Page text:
How are Stock Options Divided in an Arizona Divorce Case?
As many are aware, an employee may receive Stock Options or Restricted Stock Units from their employer as a form of compensation. A stock option provides the employee an option to purchase company stock at a stated price, referred to as the “strike price,” at a given point in time.
Typically, the options have a vesting period. For example, an employee may be granted 1000 stock options that vest equally over four years such that each year 250 of the options vest until the passage of four years at which time all 1000 options are vested.
If the market price of the stock is higher than the “strike price,” the employee can turn the stock back to the company and be paid the difference between the “strike price” and the actual market value of the stock. Alternatively, the employee can continue to hold the stock to see if future appreciation will provide the employee with a greater profit from the stock.
The main difference between a stock option and a restricted stock unit is that the employee owns the company’s shares that were granted under the terms of the stock option plan. They can sell them, or they can hold them as long as they wish. A Restricted Stock Unit, however, is different.
Similar to stock options, a Restricted Stock Unit will have a “strike price” and a vesting schedule. However, unlike stock options, the employee does not own the stock when the Restricted Stock Units vest.
Instead, the employee is only entitled to cash in the difference between the “strike price” and the current market value of that stock. Many Restricted Stock Units also have a date by which the employee must elect to exercise the cashing in of the Restricted Stock Units after which time they are deemed void.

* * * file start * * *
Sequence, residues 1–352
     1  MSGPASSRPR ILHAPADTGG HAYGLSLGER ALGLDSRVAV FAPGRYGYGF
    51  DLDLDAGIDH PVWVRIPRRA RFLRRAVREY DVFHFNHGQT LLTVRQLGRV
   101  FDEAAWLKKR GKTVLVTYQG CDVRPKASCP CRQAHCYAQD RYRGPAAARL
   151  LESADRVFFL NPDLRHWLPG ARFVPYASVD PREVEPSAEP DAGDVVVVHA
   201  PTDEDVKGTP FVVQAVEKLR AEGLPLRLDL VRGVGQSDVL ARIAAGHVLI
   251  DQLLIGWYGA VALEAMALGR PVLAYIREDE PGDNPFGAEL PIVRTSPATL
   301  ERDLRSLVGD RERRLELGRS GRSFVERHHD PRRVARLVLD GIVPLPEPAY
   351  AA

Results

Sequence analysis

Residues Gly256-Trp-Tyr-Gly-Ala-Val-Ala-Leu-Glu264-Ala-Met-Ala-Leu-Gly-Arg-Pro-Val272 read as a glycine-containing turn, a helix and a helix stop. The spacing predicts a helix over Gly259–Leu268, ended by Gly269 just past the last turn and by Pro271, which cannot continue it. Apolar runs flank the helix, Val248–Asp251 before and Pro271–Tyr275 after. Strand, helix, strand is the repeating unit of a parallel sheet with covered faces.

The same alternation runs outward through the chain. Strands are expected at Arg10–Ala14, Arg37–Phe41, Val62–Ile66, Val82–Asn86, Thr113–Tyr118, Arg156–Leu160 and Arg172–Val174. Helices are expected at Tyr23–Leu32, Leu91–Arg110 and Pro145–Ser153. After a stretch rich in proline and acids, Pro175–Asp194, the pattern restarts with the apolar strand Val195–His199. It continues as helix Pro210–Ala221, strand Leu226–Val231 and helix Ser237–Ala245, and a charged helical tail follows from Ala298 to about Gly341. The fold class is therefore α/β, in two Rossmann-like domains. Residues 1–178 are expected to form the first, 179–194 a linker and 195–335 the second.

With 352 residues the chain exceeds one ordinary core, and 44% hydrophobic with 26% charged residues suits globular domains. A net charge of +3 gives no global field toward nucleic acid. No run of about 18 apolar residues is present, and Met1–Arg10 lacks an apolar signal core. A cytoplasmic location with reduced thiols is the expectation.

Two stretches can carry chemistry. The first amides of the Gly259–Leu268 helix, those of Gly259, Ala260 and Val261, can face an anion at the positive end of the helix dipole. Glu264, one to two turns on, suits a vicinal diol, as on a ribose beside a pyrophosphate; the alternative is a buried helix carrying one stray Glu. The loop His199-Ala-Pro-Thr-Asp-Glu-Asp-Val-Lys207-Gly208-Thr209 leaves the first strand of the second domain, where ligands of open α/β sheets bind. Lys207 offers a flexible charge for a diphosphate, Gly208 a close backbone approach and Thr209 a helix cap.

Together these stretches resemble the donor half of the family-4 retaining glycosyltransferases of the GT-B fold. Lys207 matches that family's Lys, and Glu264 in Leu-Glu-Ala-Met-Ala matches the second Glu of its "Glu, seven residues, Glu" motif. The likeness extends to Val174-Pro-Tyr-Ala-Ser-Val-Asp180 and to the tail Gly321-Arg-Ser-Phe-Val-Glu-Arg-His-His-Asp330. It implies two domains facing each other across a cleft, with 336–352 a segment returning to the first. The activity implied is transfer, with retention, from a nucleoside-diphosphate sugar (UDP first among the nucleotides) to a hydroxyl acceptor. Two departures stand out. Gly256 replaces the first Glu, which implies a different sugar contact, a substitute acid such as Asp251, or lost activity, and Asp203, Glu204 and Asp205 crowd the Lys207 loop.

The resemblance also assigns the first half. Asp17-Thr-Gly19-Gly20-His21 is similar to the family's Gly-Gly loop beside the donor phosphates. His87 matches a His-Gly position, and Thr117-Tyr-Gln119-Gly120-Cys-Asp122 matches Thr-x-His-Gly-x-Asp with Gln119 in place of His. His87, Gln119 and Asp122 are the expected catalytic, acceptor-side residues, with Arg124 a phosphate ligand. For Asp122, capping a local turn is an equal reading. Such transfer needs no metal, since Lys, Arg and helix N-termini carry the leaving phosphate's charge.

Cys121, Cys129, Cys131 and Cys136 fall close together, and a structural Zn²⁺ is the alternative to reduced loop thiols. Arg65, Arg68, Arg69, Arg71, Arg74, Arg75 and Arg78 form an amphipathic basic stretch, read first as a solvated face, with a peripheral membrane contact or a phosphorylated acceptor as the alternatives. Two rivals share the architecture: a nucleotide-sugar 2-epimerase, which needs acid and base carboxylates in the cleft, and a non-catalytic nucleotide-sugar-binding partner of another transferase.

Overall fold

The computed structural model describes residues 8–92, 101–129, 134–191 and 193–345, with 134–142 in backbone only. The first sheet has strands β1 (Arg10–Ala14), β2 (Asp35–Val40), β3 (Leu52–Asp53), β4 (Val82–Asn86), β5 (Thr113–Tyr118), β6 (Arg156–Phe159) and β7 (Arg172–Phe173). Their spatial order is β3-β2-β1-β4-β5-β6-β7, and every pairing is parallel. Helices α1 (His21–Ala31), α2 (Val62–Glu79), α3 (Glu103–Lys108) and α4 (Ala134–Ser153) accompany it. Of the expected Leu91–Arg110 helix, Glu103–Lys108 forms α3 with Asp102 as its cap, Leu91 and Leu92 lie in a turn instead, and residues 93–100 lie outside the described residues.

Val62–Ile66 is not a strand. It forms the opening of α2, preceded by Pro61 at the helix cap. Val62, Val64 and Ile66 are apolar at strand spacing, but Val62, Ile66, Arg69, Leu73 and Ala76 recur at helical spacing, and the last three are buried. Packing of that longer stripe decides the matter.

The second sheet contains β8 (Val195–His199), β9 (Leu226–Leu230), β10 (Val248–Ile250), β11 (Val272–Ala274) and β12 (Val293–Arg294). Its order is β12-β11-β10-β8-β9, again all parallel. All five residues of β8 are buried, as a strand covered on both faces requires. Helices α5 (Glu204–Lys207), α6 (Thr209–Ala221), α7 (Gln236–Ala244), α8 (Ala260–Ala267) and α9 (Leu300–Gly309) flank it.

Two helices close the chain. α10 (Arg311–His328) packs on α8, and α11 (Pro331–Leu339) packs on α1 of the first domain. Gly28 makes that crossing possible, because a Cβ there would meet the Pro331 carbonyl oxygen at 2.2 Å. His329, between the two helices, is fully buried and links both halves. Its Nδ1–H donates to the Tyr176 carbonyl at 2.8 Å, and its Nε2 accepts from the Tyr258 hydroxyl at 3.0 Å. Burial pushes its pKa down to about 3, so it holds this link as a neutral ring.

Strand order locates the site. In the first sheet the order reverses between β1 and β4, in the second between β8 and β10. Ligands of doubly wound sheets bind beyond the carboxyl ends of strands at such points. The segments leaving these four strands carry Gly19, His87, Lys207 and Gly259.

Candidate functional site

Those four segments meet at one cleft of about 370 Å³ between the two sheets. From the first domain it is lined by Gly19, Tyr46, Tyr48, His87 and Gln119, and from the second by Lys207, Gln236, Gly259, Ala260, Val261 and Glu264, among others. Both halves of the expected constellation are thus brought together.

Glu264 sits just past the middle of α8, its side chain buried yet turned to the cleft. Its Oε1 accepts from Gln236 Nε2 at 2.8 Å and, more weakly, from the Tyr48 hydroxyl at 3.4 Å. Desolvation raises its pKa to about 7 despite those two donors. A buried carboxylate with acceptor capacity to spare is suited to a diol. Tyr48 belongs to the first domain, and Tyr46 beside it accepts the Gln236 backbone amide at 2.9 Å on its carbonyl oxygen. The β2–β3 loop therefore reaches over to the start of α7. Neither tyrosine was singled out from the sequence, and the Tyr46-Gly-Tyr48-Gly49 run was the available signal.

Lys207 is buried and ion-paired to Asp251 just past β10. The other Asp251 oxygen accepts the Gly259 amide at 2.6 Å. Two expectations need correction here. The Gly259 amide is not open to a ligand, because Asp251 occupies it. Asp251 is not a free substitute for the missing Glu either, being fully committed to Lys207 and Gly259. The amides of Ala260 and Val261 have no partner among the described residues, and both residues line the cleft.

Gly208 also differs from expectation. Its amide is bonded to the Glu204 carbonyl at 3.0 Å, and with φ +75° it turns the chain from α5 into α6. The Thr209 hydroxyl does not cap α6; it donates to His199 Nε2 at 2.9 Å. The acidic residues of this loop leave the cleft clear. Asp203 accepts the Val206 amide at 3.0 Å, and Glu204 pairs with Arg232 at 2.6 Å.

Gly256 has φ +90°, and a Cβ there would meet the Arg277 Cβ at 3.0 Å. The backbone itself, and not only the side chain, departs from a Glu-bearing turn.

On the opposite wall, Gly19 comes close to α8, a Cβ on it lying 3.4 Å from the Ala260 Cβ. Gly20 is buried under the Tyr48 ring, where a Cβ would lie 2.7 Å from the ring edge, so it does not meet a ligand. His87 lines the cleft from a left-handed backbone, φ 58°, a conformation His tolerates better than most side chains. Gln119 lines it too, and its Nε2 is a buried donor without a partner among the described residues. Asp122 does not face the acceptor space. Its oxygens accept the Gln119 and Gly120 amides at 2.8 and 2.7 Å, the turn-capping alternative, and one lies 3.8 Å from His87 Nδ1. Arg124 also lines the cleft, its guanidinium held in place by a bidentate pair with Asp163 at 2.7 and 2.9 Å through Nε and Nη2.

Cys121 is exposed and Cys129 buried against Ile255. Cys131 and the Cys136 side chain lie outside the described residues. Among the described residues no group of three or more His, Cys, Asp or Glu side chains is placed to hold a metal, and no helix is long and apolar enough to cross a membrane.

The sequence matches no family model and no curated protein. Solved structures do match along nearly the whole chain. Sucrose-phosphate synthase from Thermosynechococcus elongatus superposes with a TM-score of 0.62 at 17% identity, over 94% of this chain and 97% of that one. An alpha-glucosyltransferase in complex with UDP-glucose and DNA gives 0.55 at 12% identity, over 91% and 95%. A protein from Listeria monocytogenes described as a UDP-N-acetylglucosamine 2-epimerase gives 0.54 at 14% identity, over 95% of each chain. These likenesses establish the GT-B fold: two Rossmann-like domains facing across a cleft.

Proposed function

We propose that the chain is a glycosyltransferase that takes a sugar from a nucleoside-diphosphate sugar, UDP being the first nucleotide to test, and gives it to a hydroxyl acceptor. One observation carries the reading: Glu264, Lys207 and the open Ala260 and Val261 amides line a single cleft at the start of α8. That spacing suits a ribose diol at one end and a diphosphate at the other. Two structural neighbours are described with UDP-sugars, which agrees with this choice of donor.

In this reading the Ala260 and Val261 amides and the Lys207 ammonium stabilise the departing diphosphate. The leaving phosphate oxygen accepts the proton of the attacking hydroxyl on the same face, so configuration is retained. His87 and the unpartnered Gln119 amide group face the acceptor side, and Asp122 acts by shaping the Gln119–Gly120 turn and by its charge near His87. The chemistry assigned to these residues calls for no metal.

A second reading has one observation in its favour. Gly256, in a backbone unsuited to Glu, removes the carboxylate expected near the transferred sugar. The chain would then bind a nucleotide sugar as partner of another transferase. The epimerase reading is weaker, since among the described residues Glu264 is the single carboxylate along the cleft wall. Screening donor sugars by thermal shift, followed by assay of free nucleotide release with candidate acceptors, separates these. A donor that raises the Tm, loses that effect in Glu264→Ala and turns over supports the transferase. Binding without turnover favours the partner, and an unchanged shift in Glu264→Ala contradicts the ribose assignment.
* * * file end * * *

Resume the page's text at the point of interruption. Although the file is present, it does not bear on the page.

Both Stock Options and Restricted Stock Units are taxable income. As a result, you must take into consideration the income tax effects of these assets when dividing them in an Arizona divorce. Almost all employee benefit plans contain language providing that these stock options cannot be transferred, which means the court has no authority to order the company to rename the Stock Options or Restricted Stock Units in the name of the nonemployee spouse.
In such circumstances, it may be wise to have the employee spouse hold the nonemployee spouse’s share of those Stock Options, and Restricted Stock Units in a constructive trust with specific language included to protect the nonemployee spouse.
One of the more complicated aspects of dealing with Stock Options and Restricted Stock Units is understanding the terms of the Stock Option and Restricted Stock Unit plan to identify the community property interest in those assets that have not fully vested. It is equally important to know whether the assets were granted to the employee as a reward for past performance or, instead, as an incentive to continue employment into the future.
Arizona court’s lacked guidance on how to address Stock Options and Restricted Stock Units until the Arizona Court of Appeals addressed the issue directly in the case of Brebaugh v. Deane.
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